Most people's hand-grip strength gradually diminishes as they age. Maintaining decent hand-grip strength levels can enable elderly people to more readily complete daily living tasks and may help them stay alive longer. A 2007 study published in "The American Journal of Medicine" concluded that lower hand-grip strength readings are a reliable predictor of an increased mortality rate. Testing your hand-grip strength can help to monitor this decline and can give an indication of risk.
A hand dynamometer is used to perform the hand-grip test. The curved handle of the dynamometer mimics the pattern of your hand when making a fist. The handle is pliable and receptive to pressure against it. Attached to the hand-grip is a monitor that shows the strength of the squeeze in kilograms. More advanced models may have a digital readout.
Perform a series of squeezes on the dynamometer with at least 30 seconds of rest between each squeeze to allow for optimal recovery. Perform the test from a standing position with your elbow bent at 90-degrees to the side of, but not against, your body. Grab the dynamometer with a neutral grip, with your thumb pointing up. Take a deep breath. As you breathe out, squeeze the dynamometer as hard as you can for around 10 to 15 seconds. Record the highest value reached. Perform at least three trials for each hand. The highest value obtained for each hand is your score.
Your test score will be specific to your age and gender. Also, measurement of hand-grip strength is usually based on your dominant hand. A large discrepancy of more than 5 kg between the two hands signals the need to see a specialist. On average, 30-year-old men will display about 40.25 kg of pressure when gripping the dynamometer, while 30-year-old women typically use 21 kg of force with their dominant hand. Men age 50 average 33 kg, while 50-year-old women average 17.5 kg.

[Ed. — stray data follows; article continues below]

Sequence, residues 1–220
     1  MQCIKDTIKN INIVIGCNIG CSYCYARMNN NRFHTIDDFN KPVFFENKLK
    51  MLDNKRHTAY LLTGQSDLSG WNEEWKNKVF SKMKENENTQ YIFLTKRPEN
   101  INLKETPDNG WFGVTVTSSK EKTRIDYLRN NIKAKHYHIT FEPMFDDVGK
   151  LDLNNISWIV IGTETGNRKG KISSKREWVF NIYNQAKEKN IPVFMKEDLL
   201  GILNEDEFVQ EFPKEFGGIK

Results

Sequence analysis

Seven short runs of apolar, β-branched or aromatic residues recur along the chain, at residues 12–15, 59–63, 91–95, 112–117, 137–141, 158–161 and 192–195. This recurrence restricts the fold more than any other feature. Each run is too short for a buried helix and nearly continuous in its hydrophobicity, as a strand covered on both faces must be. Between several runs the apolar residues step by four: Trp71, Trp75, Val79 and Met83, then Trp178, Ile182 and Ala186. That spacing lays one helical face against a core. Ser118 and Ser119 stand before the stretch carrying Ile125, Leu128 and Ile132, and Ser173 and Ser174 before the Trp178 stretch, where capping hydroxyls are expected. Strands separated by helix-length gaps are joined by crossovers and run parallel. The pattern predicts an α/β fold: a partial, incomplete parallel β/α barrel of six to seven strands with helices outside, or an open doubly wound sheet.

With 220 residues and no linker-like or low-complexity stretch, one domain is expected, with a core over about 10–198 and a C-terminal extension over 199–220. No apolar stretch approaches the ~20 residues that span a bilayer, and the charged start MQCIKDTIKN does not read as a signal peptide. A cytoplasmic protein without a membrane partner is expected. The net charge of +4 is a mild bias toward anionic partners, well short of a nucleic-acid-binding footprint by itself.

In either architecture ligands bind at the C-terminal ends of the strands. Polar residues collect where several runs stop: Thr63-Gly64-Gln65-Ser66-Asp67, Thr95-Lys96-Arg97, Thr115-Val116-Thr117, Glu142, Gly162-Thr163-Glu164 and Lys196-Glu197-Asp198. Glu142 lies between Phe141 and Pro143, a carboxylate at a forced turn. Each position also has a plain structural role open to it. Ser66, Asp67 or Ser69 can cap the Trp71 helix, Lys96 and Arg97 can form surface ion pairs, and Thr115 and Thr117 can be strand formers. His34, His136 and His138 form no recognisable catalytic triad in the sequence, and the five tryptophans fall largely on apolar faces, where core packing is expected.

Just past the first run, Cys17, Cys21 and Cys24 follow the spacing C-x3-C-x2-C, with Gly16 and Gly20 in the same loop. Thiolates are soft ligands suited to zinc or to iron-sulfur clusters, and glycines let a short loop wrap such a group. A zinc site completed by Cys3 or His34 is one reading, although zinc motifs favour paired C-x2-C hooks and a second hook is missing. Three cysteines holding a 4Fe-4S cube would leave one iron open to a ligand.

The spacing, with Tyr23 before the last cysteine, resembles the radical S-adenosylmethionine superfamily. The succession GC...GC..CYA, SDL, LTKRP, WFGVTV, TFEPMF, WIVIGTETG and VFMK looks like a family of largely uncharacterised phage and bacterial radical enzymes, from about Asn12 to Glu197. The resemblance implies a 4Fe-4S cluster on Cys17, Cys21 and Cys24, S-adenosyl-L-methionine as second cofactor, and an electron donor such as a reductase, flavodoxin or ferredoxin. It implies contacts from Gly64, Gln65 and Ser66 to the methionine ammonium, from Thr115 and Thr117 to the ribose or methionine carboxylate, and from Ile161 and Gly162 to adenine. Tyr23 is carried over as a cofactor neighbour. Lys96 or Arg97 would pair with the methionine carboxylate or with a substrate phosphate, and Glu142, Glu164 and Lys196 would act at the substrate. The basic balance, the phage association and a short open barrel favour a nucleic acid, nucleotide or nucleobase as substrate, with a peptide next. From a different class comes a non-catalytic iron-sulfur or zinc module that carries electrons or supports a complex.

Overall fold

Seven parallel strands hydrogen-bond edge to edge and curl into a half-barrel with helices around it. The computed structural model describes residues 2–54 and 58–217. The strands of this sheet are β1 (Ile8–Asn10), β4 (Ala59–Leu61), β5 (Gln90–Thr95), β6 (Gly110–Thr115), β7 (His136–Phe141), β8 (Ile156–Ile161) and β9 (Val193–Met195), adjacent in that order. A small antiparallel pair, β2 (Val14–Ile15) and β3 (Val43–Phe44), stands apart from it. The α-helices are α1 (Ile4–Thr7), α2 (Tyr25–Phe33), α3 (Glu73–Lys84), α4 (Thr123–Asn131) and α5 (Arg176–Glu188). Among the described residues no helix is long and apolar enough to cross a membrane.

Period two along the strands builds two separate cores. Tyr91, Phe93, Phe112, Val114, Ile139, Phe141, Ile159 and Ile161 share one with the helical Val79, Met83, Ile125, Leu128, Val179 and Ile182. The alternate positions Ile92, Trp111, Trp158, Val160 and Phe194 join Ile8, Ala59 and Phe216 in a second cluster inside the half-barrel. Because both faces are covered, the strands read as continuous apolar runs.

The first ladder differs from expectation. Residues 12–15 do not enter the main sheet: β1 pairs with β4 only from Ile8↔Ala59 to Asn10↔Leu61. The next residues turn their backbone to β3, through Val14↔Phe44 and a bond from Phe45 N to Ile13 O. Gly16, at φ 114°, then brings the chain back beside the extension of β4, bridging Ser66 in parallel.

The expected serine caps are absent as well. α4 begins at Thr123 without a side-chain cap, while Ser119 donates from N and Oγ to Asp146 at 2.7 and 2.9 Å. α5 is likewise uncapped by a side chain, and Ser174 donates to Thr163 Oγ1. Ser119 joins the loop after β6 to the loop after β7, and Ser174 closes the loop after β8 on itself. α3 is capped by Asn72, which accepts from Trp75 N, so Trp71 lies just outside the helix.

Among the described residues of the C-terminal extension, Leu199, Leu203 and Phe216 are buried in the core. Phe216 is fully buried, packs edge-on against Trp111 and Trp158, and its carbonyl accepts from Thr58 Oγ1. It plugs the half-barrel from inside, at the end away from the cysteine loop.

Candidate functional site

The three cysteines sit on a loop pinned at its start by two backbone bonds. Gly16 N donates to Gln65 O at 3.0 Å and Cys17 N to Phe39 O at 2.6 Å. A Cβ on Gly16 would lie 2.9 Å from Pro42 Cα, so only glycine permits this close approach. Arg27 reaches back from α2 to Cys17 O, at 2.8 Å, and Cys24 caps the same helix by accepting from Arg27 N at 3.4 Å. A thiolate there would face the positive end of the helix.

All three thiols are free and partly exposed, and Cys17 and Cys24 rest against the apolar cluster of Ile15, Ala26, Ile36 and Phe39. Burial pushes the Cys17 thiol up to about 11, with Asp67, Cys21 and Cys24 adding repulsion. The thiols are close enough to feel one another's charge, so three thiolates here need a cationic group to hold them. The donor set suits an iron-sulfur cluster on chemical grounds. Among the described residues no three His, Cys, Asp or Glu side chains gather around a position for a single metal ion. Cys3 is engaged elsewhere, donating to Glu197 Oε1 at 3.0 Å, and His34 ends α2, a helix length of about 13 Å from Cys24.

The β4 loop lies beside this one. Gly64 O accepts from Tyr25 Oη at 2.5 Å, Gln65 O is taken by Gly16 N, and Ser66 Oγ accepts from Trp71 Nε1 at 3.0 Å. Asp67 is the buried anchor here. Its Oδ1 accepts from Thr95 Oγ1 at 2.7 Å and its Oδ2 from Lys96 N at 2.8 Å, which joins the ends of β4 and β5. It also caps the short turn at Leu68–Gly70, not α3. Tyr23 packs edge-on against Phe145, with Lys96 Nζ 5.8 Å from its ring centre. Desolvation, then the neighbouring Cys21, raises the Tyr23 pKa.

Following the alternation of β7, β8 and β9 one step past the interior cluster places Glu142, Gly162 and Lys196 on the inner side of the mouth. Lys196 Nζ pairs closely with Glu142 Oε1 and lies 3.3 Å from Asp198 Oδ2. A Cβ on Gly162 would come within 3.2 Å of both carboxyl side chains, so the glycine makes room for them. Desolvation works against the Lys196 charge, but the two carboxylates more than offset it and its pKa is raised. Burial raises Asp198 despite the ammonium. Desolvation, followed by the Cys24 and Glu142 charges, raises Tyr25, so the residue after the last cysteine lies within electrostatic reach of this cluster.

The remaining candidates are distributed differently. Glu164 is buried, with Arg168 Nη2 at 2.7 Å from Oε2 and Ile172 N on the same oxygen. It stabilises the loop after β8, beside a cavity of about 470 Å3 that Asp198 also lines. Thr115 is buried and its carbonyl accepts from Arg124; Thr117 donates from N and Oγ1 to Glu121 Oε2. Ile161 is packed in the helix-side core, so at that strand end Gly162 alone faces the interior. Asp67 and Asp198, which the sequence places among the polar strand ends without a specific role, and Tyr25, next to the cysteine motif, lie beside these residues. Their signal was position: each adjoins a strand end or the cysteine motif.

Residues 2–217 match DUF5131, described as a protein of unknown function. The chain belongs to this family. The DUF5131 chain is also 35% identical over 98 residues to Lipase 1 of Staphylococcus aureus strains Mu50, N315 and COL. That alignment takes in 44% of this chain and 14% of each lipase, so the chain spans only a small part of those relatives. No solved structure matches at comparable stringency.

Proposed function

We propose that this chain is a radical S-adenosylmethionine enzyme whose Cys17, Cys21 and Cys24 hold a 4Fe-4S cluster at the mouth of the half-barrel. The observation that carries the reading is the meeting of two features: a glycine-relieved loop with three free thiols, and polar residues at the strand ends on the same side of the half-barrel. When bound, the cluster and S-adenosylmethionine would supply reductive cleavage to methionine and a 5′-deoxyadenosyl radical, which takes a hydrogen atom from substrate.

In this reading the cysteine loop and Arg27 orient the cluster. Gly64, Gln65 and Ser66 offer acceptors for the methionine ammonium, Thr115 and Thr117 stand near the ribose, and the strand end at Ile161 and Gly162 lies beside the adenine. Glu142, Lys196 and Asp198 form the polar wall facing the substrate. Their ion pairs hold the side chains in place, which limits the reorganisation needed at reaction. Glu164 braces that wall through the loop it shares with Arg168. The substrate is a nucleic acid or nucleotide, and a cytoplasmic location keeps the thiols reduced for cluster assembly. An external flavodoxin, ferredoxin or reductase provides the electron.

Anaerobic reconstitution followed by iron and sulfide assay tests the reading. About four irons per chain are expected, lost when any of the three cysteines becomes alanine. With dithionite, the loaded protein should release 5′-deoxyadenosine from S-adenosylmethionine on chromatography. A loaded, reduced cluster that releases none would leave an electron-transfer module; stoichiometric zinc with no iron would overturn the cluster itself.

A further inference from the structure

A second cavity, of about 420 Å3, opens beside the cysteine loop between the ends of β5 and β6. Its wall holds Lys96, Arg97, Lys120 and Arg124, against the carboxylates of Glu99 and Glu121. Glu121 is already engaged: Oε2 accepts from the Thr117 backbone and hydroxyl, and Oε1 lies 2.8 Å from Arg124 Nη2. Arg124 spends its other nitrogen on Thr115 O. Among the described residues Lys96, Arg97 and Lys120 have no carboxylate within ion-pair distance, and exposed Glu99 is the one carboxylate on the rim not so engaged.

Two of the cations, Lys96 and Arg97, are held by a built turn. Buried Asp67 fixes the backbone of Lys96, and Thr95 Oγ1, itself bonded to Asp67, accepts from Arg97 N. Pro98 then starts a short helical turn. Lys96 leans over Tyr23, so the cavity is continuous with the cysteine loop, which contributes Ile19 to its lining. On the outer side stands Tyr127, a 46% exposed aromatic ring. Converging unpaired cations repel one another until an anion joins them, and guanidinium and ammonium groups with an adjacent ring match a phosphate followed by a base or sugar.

If your values are below average, consult with your doctor about potential causes for the low value and determine if using a weight-training program is appropriate. Resistance training exercises that utilize free weights, such as barbell and dumbbells, require the muscles in your wrist and forearm to activate to hold the weight. These types of exercises improve your grip strength and have the added benefit of training other muscles in your body.
- The American Journal of Medicine: Grip Strength Predicts Cause-Specific Mortality in Middle-Aged and Elderly Persons
- TopEndSports.com: Handgrip Strength Test
- Tufts University Nutrition Collaborative: Hand Grip Strength Protocol
- Canadian Medical Association Journal: Handgrip Strength and Mortality in the Oldest Old Population: The Leiden 85-Plus Study
- Indian Journal of Physical Medicine and Rehabilitation: Significance of Grip Strength in Geriatric Rehabilitation: A Pilot Study